The finding is surprising because bone marrow is thought to decay quickly in all but the most extraordinary conditions.
But such unusual conditions may not in fact be necessary to preserve marrow, McNamara says, because the surrounding bone contains many tiny pores.
These pores are too small to allow decay-causing bacteria into the tissue. The pores also let water out while allowing in chemicals that help block decay.
The finding is "very interesting," said John Horner, curator of paleontology at Montana State University's Museum of the Rockies in Bozeman.
Horner was part of a team that in 2005 found remnants of blood vessels in the bones of a Tyrannosaurus rex.
(Read "T. Rex Soft Tissue Found Preserved" [March 24, 2005].)
In many ways, he says, the new find is similar.
"We don't know what they're composed of," he said of the T. rex fossils.
"They look like blood vessels. They're stretchy and all sorts of things, but whether they're the original substance or not, we just don't know."
(See a National Geographic magazine feature on re-creating a virtual Tyrannosaurus rex.)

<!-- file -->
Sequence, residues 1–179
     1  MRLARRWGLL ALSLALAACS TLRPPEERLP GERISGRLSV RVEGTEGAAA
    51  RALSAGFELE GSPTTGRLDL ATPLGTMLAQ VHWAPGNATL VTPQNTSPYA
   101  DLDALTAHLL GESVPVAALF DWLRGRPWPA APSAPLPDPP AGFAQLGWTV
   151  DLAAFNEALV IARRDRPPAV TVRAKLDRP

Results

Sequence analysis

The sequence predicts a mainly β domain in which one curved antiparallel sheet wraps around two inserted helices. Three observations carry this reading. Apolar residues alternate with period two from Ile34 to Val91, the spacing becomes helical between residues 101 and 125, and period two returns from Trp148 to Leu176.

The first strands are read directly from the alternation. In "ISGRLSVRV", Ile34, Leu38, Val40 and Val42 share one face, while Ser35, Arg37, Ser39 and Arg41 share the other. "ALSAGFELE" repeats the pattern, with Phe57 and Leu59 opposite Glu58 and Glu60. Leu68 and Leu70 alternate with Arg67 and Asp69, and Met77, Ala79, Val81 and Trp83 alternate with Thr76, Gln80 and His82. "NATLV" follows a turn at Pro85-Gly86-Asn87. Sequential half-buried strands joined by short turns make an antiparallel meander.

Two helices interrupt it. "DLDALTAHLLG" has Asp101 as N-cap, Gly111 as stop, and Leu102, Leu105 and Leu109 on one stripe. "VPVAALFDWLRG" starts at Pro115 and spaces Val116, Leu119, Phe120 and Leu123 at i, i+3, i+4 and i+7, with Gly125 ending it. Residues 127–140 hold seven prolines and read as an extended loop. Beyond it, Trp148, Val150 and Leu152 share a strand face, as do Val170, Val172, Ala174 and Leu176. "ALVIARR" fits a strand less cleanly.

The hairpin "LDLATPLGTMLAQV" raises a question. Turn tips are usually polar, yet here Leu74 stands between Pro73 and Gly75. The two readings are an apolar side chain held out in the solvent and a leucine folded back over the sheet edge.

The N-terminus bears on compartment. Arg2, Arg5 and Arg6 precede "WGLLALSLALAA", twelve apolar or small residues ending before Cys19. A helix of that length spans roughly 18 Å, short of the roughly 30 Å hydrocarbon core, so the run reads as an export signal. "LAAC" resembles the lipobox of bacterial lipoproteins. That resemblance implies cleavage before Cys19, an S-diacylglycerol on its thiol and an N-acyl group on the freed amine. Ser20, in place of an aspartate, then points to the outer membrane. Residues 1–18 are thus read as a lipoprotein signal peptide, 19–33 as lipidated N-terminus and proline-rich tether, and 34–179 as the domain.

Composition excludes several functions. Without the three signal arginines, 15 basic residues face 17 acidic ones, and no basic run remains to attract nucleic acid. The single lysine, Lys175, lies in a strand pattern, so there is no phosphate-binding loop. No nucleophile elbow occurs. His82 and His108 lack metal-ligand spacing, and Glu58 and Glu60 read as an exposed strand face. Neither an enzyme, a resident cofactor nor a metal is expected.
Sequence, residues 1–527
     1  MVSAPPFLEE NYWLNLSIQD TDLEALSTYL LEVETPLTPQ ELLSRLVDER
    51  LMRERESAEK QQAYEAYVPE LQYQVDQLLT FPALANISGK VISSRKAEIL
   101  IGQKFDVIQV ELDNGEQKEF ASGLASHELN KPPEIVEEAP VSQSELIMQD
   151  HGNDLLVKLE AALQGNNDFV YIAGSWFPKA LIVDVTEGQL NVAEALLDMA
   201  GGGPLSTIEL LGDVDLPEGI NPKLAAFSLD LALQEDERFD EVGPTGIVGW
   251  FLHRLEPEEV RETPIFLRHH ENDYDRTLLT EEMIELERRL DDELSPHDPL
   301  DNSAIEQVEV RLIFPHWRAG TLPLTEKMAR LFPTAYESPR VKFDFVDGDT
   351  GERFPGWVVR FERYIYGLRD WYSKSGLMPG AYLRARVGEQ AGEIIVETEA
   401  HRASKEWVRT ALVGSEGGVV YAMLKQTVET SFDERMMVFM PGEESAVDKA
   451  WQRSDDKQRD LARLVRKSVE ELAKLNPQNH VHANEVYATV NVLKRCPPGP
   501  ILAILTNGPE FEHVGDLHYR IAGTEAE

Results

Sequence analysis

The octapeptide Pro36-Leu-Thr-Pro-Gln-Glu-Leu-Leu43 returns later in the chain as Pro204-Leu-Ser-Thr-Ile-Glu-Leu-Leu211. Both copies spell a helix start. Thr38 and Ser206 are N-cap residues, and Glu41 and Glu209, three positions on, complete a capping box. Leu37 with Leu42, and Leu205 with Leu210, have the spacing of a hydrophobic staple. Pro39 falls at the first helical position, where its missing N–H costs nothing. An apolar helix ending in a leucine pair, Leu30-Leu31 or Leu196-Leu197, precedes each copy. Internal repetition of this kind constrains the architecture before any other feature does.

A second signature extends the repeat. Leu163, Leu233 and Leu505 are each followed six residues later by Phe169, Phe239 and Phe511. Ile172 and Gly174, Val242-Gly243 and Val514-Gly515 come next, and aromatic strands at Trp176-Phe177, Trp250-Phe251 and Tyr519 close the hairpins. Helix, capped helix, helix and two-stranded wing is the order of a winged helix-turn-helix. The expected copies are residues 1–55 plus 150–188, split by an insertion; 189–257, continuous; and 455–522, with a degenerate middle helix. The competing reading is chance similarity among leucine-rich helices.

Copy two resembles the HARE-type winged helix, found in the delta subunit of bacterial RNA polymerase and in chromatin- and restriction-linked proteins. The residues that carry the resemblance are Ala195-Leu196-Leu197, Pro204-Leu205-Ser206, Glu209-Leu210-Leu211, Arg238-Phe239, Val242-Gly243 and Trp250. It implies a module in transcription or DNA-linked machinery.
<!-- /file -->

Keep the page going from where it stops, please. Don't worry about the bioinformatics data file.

"I think what they've got here is going to be a lot of fun to work on," Horner said of McNamara's finding.
The next step, McNamara says, is to determine what the fossilized marrow is made of.
"We have started the analysis, but we're not finished," she said.
The fact that part of the marrow is red, however, makes it likely that it carries some of the original biological materials, such as remnants of hemoglobin, the oxygen-carrying substance that gives blood cells their color.
But Jurassic Park notwithstanding, she finds it unlikely that DNA might have survived that long.
"The whole subject of DNA preservation in fossils is controversial," she said.
"If we get traces of protein or something, we'd be quite happy."
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